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Simplified Development Tools-The Microsoft Express Products

  • By Bradley L. Jones
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The Official Release

The Express Products are betas. Just like Visual Studio 2005, they are not ready to be used for production work. Rather, they have been released so you can take a look at them and see what they can do. The official release is expected to coincide with Visual Studio 2005. Microsoft is currently stating that this is expected in the first half of 2005.

First Thoughts on the Products

In a separate article, I will present a closer look at one of the Express products by walking you through the installation and first time use of Visual C# Express Edition.

My first impression of the product was that it truly did appear to be simpler than the other versions of Visual Studio; however, I don't know that it goes to the level of "easy-to-use" that I would have hoped. It is, however, just a beta product at this time, so maybe it will be even easier to use by the time it officially releases.

The installation of the product is relatively easy. It does, however, take several steps through several dialogs. Most of the questions during installation are easy to answer. Once installed, the program is easy to start up. From there, however, things get a little shaky.

The main startup screen (see Figure 1) is simple and crisp. The information on it is presented in a well-organized manner and includes lots of links to helpful tutorials and starting points.

Click here for a larger image.

Figure 1: The Visual C# Express Edition Start Up Window.

If you click on one of the links, you will be presented with information that is generally easy to follow. After this, however, is where the first problem could occur.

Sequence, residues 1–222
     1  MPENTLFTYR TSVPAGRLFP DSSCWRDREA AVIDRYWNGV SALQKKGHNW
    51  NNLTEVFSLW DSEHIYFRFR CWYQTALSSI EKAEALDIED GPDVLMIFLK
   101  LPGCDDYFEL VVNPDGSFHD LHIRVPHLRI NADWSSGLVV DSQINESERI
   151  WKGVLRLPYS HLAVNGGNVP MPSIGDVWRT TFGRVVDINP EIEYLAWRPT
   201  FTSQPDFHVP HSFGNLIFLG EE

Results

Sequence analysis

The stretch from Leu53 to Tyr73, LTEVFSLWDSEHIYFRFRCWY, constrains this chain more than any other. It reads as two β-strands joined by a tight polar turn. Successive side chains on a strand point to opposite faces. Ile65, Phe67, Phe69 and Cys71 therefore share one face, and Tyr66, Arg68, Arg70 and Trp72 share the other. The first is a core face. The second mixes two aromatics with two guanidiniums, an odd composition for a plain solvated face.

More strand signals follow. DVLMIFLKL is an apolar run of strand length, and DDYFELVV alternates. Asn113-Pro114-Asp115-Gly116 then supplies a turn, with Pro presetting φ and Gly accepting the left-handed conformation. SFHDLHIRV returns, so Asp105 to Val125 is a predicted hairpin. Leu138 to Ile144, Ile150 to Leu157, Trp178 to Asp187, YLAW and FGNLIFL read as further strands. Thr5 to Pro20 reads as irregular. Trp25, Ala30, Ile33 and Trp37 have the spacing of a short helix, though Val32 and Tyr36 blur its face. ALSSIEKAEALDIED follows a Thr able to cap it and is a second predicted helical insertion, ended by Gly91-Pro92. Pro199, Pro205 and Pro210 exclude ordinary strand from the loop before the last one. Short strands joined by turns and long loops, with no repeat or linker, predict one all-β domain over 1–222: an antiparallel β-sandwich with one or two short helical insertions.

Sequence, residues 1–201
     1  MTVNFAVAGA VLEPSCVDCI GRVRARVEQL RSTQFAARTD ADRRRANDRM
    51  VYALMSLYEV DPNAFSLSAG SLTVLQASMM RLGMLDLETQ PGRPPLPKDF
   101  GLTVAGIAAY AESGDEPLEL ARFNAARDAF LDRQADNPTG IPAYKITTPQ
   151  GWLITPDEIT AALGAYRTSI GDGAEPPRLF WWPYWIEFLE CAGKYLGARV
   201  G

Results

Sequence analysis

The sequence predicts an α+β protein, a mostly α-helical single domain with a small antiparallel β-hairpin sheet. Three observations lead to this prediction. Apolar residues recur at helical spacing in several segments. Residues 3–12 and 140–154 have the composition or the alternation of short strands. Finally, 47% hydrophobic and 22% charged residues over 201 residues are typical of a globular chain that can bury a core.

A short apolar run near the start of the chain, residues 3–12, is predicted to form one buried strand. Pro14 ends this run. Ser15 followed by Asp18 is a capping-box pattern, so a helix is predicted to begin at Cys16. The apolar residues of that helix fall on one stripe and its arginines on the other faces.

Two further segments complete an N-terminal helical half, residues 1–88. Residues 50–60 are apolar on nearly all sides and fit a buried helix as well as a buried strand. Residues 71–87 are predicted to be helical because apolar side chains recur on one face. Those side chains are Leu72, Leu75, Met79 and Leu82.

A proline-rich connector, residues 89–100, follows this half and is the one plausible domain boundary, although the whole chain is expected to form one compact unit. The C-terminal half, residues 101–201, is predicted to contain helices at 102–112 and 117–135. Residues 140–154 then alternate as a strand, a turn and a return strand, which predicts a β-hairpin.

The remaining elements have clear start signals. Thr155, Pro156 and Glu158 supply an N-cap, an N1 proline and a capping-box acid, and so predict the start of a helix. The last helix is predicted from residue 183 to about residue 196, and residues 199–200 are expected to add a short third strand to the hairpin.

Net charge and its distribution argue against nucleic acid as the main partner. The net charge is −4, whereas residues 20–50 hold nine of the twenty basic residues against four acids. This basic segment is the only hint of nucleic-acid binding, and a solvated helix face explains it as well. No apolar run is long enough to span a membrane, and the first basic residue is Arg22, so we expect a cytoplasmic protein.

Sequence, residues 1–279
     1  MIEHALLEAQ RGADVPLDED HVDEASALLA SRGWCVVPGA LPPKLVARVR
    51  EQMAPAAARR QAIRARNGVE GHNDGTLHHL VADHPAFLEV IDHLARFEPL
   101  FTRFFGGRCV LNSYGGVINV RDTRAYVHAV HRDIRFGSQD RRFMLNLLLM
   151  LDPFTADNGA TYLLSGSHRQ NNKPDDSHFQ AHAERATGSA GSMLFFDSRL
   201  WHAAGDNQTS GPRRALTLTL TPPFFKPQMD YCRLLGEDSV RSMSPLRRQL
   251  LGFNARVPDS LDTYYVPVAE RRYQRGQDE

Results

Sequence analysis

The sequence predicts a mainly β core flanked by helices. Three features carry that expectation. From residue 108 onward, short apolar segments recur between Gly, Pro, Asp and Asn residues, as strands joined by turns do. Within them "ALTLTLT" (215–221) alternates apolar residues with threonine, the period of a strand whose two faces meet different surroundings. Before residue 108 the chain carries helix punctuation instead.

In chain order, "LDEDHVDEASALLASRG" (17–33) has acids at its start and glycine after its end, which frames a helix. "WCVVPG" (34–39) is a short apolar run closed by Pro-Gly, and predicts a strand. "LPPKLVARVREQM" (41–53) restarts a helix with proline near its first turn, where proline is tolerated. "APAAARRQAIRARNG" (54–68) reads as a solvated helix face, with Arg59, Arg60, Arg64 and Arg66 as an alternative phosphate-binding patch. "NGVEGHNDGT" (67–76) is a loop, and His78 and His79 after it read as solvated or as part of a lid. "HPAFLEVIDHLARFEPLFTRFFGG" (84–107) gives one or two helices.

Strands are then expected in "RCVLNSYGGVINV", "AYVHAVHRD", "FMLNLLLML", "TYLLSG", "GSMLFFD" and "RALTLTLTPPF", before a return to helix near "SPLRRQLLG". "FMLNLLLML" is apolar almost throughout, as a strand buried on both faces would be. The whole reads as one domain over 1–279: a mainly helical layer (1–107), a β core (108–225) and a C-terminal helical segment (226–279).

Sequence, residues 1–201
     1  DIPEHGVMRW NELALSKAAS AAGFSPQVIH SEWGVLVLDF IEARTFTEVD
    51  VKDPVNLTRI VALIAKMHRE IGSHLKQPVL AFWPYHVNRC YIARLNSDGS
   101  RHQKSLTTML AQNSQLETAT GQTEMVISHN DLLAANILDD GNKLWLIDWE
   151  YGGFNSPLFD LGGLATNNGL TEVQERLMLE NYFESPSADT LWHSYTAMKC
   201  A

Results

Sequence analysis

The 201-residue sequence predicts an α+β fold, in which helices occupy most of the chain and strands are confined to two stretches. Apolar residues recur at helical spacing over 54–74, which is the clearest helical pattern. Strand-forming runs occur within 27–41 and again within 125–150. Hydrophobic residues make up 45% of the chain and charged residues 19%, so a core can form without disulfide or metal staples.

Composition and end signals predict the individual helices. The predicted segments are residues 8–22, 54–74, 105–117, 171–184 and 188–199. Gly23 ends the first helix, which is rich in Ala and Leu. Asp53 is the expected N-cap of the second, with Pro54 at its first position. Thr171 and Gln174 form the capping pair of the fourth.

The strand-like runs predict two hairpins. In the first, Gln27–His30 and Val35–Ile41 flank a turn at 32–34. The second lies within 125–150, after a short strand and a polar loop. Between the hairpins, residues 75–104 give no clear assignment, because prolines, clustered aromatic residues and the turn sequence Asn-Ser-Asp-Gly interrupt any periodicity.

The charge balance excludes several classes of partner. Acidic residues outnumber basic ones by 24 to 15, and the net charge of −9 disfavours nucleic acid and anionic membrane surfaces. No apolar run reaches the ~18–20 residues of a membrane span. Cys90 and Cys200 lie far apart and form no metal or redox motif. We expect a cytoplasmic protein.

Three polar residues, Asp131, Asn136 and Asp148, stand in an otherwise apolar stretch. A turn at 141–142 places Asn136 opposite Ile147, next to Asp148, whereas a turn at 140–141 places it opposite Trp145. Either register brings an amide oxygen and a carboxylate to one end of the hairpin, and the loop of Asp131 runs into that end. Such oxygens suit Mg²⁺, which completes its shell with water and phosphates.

If you want to go back to the main page as shown in Figure 1, you may have a problem. There is no intuitive way to return to that page. The primary audience for this product may have a hard time figuring this out.

From the perspective of someone who has been using Visual C#, it is obvious that this is a much simpler version. The clutter that now inundates the menus of Microsoft products is gone. Only the more important menu items exist in this product. Also simplified is the selection of products to create.

While being uncluttered can be a good thing, it also can be a bad thing. Whereas developers are used to windows that slide in and out and can be tacked down, hobbyists and non-programmers are not going to be as familiar with these paradigms. In some cases, a little clutter can make a product easier to use.

The addition of Starter Kit products into the product should make it easier for the non-programmer to tap into these added resources. The inclusion of documentation with them is also a boon. Unfortunately, typos and broken code in the beta could be a bust for novices who are trying to use the information. The Screen Saver starter kit (documentation shown in Figure 2) had at least one critical typo in the code as well as other typos that could derail a novice.

Click here for a larger image.

Figure 2: The Screen Saver Starter Kit Documentation Page.

The Express tools still require that you program. As such, non-programmers will have to learn the programming language to really customize or create an application. There is simply no way around that. While these products seem like a scaled down versions of the other Visual Studio products, it seems to me that the answer of a "programming" tool for hobbyists may be better built from the ground up with a programming language that is more elementary.

Getting the Products

The betas for the Express Editions will be available from the Microsoft Web site. The Express Editions can be downloaded now from http://lab.msdn.microsoft.com/express/.

The Express Editions are simplified versions of the other versions of Visual Studio 2005. This means that programs created in these editions should be completely compatible with the other editions. Programs created with the full versions of Visual Studio 2005 should load into the Express Editions; however, any advanced features may not be accessible. You cannot, however, user Express Edition projects in older versions of Visual Studio

In Conclusion

Microsoft is working hard to expand the Visual Studio product line. With Team System, they are expanding into the enterprise and providing robust tools for hardcore developers doing large-scale solutions development. Equally important, they are working to provide simpler products for the hobbyist, student, and other non-professional developer who doesn't want to invest a lot of money and who doesn't need the complexity of the standard development tools. While the Express tools are not as easy to use as I would like them to be, they are a move in the right direction.

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This article was originally published on June 29, 2004

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